The United States and Iraq yesterday ended 17 years of official estrangement by resuming full diplomatic relations at the conclusion of a symbolic White House meeting between President Reagan and a senior Iraqi official.
Describing the resumption of ties as "a positive development," a senior State Department official sought in a White House briefing to discourage expectations of large-scale changes in Washington's policies toward Baghdad. Specifically, he said there is no change in prospect in the U.S. refusal to supply weapons or other military gear to Iraq or to Iran, its foe in the four-year-old Persian Gulf war.
Deputy Prime Minister Tariq Aziz, the highest-ranking Iraqi official to visit Washington since Baghdad broke off relations at the time of the 1967 Middle East war, described yesterday's development as the restoration of a "normal relationship between two countries. . . a necessity in the modern life."
If the Iranian government is "sane and responsible," Aziz said, it should see the resumption of U.S.-Iraqi relations as "in the benefit of the people of the two countries and. . . not directed against anybody else."
The State Department briefing officer told reporters, "We are prepared today to discuss improved relations with Iran." However, he noted two conditions: that Iran "ceases its support for international terrorism" and "is prepared to seek a negotiated settlement to the war with Iraq."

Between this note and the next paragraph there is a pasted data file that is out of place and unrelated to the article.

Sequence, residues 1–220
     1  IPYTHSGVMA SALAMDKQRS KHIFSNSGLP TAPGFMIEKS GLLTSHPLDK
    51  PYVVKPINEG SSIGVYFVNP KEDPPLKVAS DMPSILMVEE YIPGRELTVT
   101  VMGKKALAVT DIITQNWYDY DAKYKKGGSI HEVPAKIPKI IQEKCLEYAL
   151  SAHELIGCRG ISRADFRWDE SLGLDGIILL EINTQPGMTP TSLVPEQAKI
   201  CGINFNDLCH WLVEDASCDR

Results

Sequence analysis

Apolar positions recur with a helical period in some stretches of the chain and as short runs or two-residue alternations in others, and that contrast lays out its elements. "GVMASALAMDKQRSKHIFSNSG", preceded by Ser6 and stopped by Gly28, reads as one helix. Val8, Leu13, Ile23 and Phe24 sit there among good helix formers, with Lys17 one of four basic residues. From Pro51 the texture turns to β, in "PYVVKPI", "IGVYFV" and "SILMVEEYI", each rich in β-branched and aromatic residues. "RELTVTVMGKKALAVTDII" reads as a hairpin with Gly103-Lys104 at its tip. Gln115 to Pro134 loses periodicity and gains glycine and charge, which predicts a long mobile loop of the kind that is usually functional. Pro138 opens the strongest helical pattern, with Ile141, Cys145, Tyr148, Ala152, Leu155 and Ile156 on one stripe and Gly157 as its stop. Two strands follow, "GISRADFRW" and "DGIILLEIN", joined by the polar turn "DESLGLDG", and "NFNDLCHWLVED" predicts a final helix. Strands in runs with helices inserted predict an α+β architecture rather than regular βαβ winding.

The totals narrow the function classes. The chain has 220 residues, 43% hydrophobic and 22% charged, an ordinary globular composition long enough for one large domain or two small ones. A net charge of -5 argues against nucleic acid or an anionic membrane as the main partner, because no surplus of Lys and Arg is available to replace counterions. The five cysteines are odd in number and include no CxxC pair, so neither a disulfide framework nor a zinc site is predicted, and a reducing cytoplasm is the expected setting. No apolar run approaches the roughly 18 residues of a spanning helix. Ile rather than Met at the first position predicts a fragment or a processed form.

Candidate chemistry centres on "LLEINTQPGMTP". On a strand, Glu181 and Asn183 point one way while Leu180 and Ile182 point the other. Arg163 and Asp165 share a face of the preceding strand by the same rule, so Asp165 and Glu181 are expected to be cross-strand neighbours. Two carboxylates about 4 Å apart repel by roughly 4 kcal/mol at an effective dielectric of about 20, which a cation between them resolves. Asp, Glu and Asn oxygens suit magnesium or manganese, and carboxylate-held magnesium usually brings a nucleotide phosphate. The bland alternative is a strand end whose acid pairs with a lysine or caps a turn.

A Reagan administration determination in early 1982 that Iraq was not supporting international terrorism led to that country's removal from the U.S. "anti-terrorism list" and opened the way to the gradual improvement of unofficial relations.
Another factor in the increasingly close unofficial relations was U.S. concern that Iraq not lose the war with Iran, an outcome that could advance the cause of revolutionary Islamic fundamentalism in the strategic Middle East.
Iraq's decision to accept the principle of a negotiated settlement of the war, which it started by invading Iran in September 1980, has been the rationale for U.S. policies more favorable to Baghdad than to Tehran. The Senate Foreign Relations Committee recently described this as a "tilt toward Iraq."
In an unusual display of cordiality, the administration accorded Aziz separate meetings in rapid-fire order with virtually the entire top rank of the executive branch: Reagan, Vice President Bush, Secretary of State George P. Shultz, Secretary of Defense Caspar W. Weinberger and national security affairs adviser Robert C. McFarlane.
Reporters were told that the meeting with Weinberger was a "courtesy call" that did not denote the beginning of a U.S.-Iraqi military relationship. Officials said the customary exchange of military attaches seems likely, though no decisions have been made.
For protocol and perhaps political reasons, there were no public remarks between Reagan and Aziz, though the White House arranged for photographs of their 35-minute meeting.
Iraq made known to the State Department in September its willingness to resume diplomatic relations even before the U.S. presidential election, but this was put off until yesterday. Improved relations with Iraq are controversial with supporters of Israel, which considers Iraq among its bitter enemies.
In the absence of full diplomatic relations, Iraq and the United States established "interest sections" here and in Baghdad in 1972. These have been staffed by increasing numbers of official personnel -- currently 17 Americans in Baghdad and more than 30 Iraqis here -- who have had increasing access to the senior ranks of the host government. As of yesterday afternoon, the "interest sections" became embassies.